Exploring Strategies and Techniques to Support Learning and Teaching in Diverse Higher Education Contexts
|Published online: May 9, 2014
The aim of this paper is to explore practical strategies and techniques that have been found to be effective in supporting students’ understanding within diverse higher education environments. The strategies and techniques described are from personal experience, discussions with colleagues, and PhD research. The strategies explored are framed within considerations of the challenges and opportunities relating to education and learning in a world of difference within higher education terrains. The techniques are predominantly drawn from approaches that support transformative education.
||Intercultural Understanding, Learner Diversity
The International Journal of Diversity in Education, Volume 13, Issue 3, May 2014, pp.27-38.
Article: Print (Spiral Bound).
Published online: May 9, 2014 (Article: Electronic (PDF File; 200.912KB)).
Lecturer, Early Childhood Education, Holmesglen (TAFE and Higher Education), Melbourne, Victoria, Australia
Currently Higher Education Lecturer in Early Childhood Education at Holmesglen. Previous experience includes full-time lecturer and BEd coordinator (University of Fort Hare, South Africa), sessional lecturer (University of Melbourne and Melbourne Institute of Technology) and Educational Director of a non-governmental organisation in South Africa that focussed on educating teachers to use classroom drama and working with drama youth groups in disadvantaged rural areas. PhD examined the role of oral art forms in supporting drama pedagogy and intercultural understanding within teacher education. Masters research examined and addressed potential constraints in the use of Drama in Education in South African Classrooms. Research interests include Action Research; Arts-based Research and Narrative Inquiry; Learning and Teaching; Drama Education; Oracy and Oral Art Forms; Education Policy and Higher Education; Postcolonial Theory, Culture and Intercultural Communication; and Socio-Constructivism. Have published and presented papers and workshops at numerous national and international conferences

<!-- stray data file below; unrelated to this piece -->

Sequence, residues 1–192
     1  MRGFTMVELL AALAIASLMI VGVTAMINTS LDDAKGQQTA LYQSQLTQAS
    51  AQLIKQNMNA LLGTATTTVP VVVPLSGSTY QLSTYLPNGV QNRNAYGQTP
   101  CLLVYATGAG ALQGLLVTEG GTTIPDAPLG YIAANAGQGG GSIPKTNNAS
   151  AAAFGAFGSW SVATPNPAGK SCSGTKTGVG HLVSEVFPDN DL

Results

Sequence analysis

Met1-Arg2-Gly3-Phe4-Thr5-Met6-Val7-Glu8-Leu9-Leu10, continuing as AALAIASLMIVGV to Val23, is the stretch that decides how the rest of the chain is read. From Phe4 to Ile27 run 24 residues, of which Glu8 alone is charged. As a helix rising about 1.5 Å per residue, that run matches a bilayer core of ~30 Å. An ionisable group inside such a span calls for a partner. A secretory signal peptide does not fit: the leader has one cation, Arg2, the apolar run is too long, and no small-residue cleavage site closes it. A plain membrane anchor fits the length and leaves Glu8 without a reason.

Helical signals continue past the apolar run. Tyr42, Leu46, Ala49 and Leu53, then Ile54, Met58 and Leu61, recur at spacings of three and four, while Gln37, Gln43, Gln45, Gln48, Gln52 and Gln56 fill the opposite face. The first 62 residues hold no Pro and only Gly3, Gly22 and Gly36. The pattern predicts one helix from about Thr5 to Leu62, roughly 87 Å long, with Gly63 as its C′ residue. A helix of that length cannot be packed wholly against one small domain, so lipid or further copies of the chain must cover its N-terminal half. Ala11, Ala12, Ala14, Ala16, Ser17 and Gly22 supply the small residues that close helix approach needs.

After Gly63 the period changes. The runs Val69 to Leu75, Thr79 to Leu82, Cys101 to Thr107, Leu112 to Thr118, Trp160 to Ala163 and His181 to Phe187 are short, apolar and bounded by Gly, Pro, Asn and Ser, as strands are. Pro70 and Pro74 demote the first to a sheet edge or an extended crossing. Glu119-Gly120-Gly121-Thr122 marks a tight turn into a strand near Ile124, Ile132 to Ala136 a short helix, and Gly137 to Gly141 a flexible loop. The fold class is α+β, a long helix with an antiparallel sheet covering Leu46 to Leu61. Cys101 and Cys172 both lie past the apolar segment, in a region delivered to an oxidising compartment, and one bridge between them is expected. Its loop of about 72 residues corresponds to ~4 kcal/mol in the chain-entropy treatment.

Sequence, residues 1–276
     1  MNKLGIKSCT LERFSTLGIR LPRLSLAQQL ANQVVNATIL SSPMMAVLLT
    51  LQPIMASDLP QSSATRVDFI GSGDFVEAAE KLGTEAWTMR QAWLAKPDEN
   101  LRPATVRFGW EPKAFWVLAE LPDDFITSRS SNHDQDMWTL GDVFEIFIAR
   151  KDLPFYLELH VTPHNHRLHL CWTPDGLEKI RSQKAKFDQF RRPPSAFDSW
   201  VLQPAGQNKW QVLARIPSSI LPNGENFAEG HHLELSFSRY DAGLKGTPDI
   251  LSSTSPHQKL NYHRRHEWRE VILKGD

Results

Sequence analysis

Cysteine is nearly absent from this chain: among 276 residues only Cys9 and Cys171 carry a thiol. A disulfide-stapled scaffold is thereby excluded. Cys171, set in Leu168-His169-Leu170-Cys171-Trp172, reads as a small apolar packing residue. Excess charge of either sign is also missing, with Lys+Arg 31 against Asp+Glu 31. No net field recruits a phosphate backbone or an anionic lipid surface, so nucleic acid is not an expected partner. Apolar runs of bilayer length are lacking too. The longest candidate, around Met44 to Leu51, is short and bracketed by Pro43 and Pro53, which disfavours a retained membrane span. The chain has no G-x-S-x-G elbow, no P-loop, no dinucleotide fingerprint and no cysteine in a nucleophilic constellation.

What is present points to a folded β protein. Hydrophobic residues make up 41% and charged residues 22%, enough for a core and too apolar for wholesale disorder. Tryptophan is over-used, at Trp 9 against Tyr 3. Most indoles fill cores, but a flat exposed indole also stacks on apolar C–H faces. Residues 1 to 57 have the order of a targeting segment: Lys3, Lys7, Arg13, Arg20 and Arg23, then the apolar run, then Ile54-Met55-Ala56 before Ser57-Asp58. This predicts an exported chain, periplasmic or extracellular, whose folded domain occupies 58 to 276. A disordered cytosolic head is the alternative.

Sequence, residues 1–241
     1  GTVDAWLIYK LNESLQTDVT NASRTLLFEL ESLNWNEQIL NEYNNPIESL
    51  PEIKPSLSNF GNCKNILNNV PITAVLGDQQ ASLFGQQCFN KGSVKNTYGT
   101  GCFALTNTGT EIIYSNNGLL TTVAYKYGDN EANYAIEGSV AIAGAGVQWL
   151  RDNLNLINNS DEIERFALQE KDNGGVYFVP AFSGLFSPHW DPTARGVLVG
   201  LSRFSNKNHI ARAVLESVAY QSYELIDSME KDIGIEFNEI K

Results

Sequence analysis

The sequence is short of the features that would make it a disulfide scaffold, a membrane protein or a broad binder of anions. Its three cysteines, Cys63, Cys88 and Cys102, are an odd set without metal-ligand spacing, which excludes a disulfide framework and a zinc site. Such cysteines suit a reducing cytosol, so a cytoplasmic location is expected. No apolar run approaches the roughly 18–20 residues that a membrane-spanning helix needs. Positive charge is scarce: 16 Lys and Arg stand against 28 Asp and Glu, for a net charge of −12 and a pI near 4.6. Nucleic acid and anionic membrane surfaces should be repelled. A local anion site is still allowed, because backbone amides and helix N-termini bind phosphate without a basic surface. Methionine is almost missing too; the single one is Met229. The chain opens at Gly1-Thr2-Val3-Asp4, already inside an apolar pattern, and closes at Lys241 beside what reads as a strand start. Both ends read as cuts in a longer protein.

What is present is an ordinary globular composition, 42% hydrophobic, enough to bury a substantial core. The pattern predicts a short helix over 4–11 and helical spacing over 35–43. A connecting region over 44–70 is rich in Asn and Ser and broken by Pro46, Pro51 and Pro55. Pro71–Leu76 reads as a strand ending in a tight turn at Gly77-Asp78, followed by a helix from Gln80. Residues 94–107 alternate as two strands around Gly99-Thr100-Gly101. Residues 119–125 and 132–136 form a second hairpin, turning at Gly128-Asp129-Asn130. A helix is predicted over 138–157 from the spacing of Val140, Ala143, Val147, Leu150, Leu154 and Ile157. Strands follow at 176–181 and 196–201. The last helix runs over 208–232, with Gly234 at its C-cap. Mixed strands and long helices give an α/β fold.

Senior Lecturer, Bachelor of Early Child education, Holmesglen Institute, Melbourne, Victoria, Australia
Sue Lancaster has worked for many years in the early childhood and special education sectors, and as a Policy Adviser for the State Government of Victoria including in the area of early childhood intervention for children with a disability and as a member of the Project Team involved in developing the Victorian Autism State Plan. Sue is currently Senior Lecturer for the Bachelor of Early Childhood Education at Holmesglen Institute, Melbourne, Victoria with responsibility for teaching theory and practice in relation to; working with families and communities, disability, multicultural and Indigenous perspectives and the impact of popular culture and the media on young children. This role also includes delivery for Diploma of Early Childhood students transferring to Degree level specifically relating to the introduction to professional practice and contemporary early childhood issues in early childhood education. Sue has a Master of Arts in Applied Linguistics and Post Graduate Degrees in Education and Special Education.